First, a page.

On that day, says the Lord God, I will make the sun go down at noon, and I will darken the earth in broad daylight.  I will turn your feasts into sad affairs and all your singing into a funeral song; I will make people wear mourning clothes and shave their heads; I will make it like the loss of an only child, and the end of it like a bitter day. — Amos 8:9-10

 

Almost no one came to the Passover meal at Martha’s house.  Jesus and his friends went into Jerusalem for their meal  — Lazarus, too.  It did not feel like a festival preparation day.  Frankly, it was dull.  And strangely dark.  For about three hours the skies over Jerusalem were ominously black.

But after sundown, the friends of Jesus came back to Martha’s house, one by one, defeated and grief-stricken.  Each looked as if they had lost their best friend.

And they had.

Like pieces to a puzzle, what had happened slowly came together as the men told their stories of Jesus’ arrest, trial and crucifixion.  One remembered it this way, while another remembered it that way. Either way, the story was horrific:  brutality and senseless death. As unimaginable as Jesus’ death was to us, the reports of what happened next were strange and mysterious. Nothing less than beyond this world.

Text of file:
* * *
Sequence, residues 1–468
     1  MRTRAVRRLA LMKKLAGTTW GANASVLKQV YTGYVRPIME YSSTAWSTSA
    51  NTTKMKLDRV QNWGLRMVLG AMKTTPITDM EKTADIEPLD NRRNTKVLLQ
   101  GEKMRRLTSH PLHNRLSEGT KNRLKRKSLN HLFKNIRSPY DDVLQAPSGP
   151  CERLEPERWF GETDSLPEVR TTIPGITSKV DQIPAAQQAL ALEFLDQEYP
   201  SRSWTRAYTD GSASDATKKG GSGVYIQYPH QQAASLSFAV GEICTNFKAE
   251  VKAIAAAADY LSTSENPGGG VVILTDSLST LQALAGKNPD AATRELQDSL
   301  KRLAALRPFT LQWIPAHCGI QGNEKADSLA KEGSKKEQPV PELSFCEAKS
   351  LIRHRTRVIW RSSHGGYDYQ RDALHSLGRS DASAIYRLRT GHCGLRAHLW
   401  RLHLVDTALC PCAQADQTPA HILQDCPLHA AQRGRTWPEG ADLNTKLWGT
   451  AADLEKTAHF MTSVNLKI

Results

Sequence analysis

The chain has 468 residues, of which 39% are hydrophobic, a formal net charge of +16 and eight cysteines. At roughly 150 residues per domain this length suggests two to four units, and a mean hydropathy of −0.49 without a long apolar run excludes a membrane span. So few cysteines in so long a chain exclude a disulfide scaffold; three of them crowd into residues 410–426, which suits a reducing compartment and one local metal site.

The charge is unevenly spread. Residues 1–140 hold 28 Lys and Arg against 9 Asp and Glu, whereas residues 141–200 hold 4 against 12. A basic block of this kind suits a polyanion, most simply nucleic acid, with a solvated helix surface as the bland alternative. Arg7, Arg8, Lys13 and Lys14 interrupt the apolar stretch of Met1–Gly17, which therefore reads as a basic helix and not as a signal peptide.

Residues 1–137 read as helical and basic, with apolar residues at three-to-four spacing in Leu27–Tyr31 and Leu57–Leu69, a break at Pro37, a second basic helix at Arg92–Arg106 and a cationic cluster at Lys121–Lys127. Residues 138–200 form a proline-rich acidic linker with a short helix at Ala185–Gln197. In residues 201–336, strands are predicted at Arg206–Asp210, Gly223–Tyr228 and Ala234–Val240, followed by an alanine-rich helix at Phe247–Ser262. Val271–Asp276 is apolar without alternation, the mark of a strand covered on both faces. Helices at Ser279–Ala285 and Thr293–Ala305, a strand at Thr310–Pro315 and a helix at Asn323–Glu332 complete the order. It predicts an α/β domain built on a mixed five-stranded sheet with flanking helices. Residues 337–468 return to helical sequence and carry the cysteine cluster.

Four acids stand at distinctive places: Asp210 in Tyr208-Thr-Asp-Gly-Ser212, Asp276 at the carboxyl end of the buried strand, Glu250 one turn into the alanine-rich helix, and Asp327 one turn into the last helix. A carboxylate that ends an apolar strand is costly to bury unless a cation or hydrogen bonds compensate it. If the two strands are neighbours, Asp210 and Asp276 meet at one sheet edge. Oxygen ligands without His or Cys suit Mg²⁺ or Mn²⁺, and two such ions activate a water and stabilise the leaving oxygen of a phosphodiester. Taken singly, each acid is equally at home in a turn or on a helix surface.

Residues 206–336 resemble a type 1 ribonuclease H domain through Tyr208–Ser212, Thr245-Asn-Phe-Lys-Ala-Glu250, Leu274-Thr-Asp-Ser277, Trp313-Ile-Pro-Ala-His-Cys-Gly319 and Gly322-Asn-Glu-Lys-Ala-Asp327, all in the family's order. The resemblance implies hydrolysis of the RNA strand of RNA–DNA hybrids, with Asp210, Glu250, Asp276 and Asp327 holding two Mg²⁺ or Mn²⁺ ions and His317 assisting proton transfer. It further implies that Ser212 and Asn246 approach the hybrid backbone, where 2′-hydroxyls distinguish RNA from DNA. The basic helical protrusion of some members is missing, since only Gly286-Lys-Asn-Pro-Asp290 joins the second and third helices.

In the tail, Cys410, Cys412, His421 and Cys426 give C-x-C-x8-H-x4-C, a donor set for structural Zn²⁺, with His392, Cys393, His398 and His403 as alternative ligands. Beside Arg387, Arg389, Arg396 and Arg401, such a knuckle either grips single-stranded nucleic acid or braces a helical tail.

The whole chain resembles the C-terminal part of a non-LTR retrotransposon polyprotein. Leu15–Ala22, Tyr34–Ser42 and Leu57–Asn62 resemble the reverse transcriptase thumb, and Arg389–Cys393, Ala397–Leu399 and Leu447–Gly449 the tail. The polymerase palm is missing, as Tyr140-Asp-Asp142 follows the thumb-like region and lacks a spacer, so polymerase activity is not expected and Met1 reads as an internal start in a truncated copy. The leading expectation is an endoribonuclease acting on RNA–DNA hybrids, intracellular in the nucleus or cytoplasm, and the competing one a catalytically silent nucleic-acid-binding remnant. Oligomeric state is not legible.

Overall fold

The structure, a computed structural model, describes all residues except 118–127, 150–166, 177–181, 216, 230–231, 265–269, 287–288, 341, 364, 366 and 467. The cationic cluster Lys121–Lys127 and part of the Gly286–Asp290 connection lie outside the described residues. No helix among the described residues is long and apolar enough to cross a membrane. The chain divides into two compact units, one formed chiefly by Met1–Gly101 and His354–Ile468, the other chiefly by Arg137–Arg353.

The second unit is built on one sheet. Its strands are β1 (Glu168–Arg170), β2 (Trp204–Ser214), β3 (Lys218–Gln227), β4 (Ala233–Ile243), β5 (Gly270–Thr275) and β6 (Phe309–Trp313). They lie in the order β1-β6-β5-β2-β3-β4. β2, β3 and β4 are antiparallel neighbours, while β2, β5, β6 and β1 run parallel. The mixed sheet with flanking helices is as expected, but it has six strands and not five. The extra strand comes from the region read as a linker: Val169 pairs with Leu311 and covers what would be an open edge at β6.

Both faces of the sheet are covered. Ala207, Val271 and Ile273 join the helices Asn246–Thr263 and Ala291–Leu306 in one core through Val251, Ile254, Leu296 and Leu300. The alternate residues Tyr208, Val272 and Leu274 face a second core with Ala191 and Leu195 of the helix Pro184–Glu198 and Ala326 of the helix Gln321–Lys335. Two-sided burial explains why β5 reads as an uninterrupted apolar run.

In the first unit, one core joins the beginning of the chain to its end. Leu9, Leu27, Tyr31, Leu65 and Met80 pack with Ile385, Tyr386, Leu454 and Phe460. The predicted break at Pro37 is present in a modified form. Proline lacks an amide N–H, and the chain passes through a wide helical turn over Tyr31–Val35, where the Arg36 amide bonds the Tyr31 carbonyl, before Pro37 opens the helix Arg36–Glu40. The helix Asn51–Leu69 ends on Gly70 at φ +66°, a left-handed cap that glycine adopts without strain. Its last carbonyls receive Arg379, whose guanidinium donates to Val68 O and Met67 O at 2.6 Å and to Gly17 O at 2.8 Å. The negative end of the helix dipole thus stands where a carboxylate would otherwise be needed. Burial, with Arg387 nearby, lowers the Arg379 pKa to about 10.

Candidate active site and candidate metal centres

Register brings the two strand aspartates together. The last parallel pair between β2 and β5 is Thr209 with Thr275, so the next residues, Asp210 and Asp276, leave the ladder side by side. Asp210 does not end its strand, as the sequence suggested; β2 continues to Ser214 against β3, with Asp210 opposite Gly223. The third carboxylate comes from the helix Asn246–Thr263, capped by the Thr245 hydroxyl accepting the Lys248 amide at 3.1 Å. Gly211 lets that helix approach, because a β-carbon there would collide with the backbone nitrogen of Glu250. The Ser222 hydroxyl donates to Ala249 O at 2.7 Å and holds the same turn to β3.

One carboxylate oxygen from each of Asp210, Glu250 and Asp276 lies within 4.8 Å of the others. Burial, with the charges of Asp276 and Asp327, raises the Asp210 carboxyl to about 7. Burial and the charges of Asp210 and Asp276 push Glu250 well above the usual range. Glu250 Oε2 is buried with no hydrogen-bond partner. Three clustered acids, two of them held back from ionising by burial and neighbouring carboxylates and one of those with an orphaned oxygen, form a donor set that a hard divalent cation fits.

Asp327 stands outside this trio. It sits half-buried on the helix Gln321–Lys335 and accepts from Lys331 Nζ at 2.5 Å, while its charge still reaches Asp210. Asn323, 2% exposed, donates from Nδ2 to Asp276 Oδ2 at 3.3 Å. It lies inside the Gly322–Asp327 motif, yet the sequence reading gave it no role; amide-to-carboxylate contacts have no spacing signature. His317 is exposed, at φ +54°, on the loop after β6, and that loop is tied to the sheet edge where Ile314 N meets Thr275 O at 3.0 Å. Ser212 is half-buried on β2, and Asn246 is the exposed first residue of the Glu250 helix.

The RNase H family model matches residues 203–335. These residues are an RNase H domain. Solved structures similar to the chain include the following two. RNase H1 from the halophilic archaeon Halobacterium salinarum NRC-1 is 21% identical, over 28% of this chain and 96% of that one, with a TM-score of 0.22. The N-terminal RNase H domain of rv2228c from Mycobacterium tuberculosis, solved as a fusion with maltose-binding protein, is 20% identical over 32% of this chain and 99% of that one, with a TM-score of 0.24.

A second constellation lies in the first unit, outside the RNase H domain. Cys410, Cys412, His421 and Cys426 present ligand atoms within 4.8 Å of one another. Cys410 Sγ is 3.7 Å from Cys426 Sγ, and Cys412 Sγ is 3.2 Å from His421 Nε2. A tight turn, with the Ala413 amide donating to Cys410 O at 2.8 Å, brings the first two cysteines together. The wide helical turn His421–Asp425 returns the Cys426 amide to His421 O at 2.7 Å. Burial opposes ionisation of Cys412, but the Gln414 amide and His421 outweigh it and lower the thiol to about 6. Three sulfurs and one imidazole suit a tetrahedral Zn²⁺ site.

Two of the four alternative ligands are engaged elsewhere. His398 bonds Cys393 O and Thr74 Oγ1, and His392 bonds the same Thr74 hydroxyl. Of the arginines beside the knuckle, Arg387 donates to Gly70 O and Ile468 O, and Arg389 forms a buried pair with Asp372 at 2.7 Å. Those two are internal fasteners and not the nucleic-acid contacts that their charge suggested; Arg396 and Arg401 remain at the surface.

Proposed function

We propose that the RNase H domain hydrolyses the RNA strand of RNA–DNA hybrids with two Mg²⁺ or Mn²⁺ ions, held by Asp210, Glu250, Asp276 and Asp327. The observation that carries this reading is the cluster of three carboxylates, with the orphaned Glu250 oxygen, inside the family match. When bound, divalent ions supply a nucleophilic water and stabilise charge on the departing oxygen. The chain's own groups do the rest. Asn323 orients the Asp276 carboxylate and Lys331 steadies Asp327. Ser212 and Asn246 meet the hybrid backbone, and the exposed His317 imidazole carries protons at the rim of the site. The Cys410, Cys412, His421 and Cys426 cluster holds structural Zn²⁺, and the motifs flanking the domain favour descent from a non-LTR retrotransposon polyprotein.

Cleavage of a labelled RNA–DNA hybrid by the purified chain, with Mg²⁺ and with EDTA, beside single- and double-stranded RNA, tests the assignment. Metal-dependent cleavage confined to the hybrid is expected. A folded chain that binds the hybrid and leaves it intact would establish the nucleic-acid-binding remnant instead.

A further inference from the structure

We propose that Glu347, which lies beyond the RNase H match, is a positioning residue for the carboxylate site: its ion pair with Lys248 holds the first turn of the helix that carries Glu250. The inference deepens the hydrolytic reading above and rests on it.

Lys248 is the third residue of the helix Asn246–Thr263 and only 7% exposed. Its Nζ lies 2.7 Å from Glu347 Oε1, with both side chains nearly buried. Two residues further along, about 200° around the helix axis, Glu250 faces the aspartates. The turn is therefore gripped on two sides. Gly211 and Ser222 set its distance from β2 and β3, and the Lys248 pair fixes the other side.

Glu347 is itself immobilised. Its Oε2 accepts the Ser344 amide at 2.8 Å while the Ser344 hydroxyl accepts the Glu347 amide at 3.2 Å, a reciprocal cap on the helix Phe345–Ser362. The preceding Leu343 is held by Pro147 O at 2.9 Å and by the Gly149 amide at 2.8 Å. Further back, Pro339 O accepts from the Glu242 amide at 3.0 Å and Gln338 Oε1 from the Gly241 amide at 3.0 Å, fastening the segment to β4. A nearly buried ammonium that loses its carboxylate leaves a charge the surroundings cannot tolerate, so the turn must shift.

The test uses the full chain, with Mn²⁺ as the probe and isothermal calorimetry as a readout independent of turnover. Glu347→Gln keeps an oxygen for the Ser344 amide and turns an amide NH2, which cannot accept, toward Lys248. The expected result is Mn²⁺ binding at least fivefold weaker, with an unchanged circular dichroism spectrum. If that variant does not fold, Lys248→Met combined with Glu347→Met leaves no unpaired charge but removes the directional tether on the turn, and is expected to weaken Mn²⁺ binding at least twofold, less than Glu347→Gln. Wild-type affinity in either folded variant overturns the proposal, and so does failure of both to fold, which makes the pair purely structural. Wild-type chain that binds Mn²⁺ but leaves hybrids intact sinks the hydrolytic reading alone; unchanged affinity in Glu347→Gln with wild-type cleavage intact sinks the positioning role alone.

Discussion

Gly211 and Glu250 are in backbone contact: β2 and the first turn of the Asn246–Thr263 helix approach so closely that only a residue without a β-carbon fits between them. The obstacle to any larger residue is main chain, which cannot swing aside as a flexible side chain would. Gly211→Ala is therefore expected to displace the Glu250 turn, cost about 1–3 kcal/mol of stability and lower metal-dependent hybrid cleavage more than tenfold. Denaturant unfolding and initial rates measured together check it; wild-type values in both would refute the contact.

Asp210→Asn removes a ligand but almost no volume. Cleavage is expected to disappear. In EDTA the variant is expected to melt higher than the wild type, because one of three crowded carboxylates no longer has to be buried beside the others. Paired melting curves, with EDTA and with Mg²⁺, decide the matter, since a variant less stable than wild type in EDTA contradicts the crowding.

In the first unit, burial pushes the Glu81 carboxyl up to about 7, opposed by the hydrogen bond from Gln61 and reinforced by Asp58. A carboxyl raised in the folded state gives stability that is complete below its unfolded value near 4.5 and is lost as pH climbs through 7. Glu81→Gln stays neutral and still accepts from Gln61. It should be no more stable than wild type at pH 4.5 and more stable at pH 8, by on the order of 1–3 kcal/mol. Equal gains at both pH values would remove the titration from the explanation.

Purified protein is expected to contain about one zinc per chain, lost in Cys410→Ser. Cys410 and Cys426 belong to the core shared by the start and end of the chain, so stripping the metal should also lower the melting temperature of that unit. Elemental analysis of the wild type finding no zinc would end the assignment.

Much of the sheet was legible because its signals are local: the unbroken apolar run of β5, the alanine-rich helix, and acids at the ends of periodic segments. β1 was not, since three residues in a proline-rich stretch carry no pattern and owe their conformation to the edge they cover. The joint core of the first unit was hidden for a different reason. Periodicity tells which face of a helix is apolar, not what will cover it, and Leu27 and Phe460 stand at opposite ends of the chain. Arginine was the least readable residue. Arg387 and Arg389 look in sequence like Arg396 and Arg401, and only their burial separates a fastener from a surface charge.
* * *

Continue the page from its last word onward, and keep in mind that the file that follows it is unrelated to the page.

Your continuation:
Stories were told of how the Temple curtain was ripped in two, from top to bottom!  The earth quaked.  Graves opened and those living dead appeared to many people.  Jesus, they said, called out for Elijah with his dying breath.  Not one of God’s prophets came to rescue Jesus.

Peter arrived.  A brazen boy shouted, “cock-a-doodle-do,” and was silenced quickly by his mother.  Peter’s story had arrived long before he did.  Martha brought Peter food and drink, but was waved away.  Lazarus tried to comfort him, but was pushed away with all the strength that large, sturdy fisherman could muster.

From that day on, the crow of a rooster would always bring Peter to his knees.

Imagio Divina — Divine Imagining — encourages us to enter into stories of the Bible using our imaginations for God to talk with us.  Begin by reading a piece of scripture, closing your eyes, and allowing yourself to enter the story.  Who is there?  Choose a character that you identify with and become him or her.  What do you see?  What do your smell?  What do you hear? What do you touch?  Allow yourself to weave the scripture story into your imagination, braiding the biblical details with those you see in your mind’s eye. Many journal their journeys into antiquity following their Imagio Divina practice.  For everyone, prayer is the natural conclusion.

 

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